Tales of Oceana
On February 23rd, Craig Krull Gallery will present its first solo exhibition of the work of John Valadez. A native of Boyle Heights, Valadez started his artistic career in the 70s working collaboratively with other Chicano artists on mural projects for the United Farmworkers, for the production of Zoot Suit, and for the City murals program. At this time he founded, along with Carlos Almaraz, Frank Romero and Richard Duardo, the Public Arts Center in Highland Park to provide studio space for these projects. While many of his comrade’s works reflected qualities of the Mexican muralists, Valadez developed a more realist approach and chose as his subjects; storefronts on Broadway, people on the streets, and random violence. His recent pastels in this exhibition take a mythical turn by depicting Latinos, on the beach and in the ocean, encountering phantasmal creatures such as toothy whales and enormous sea serpents. Valadez admits that he has always drawn and painted the ocean. His passion was partially born of boyhood memories of bodysurfing, tales of Captain Cook and Moby Dick, and the great unknown that ocean depths still represent.
Concurrently, the gallery will present recent paintings by Connie Jenkins. Four years ago she was invited to participate in an exhibition marking the 25th anniversary of the Channel Islands National Park and was granted access to normally restricted areas. Like Valadez, Jenkins has always been drawn to the ocean and themes of water. She states, “For over thirty years now, water has served as the landscape for my paintings. It is an element fundamental to life. It’s a symbol of season and cycle. Like a painting, it presents both surface and space.” The paintings of Channel Islands tide pools in this exhibition, while seemingly “photo-realist” are, in the artist’s estimation, less about replication and more about keen observation and simply “paying attention.”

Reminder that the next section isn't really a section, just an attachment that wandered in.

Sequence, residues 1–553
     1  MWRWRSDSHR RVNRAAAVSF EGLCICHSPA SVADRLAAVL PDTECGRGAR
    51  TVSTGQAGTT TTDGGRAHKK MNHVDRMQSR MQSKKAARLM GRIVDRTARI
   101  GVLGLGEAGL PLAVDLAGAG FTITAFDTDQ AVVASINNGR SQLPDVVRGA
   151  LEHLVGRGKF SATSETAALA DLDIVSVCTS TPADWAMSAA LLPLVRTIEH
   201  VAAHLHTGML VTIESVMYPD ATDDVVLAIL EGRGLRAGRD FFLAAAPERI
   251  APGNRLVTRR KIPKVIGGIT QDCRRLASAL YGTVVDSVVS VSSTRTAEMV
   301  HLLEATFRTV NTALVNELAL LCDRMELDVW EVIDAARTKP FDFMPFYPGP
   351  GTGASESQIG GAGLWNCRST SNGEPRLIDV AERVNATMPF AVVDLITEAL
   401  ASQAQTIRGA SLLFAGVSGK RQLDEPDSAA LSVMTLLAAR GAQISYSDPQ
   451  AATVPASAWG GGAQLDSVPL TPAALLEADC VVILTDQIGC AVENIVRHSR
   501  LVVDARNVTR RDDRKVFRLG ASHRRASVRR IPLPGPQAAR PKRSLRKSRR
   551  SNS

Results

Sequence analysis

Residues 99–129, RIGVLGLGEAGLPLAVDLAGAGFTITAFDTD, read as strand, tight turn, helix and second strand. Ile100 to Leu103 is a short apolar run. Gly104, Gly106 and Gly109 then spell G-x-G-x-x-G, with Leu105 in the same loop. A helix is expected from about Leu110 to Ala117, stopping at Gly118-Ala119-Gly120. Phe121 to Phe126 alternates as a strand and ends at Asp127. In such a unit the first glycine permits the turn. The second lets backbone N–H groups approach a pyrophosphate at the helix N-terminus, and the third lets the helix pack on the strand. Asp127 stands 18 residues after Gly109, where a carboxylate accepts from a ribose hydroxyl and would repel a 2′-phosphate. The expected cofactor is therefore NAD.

Finally, the gallery will also present an exhibition of toned gelatin silver prints by Camille Solyagua entitled, Jellyfish and Red Crowned Cranes. As Karen Sinsheimer, curator of photographs at the Santa Barbara Museum of Art has observed, Solyagua’s sensitive observation of nature harkens “back to another age, when flowers were pressed between pages of a book and butterfly specimens were carefully mounted and preserved.” Her series of jellyfish, photographed through the glass of a tank, retain this very personal, poetic and reverent observation. Photographer, Ruth Bernhard wrote that Solyagua “observes with care, curiosity and feeling…inviting us to share in the experience of viewing the wonderful secrets she has discovered.” The exhibition also includes a series on the endangered Red Crowned Cranes photographed on the Japanese island of Hokkaido. Often featured in myths and legends, this crane is a symbol of good fortune, longevity and due to their fidelity, their image is popularly used in wedding ceremonies.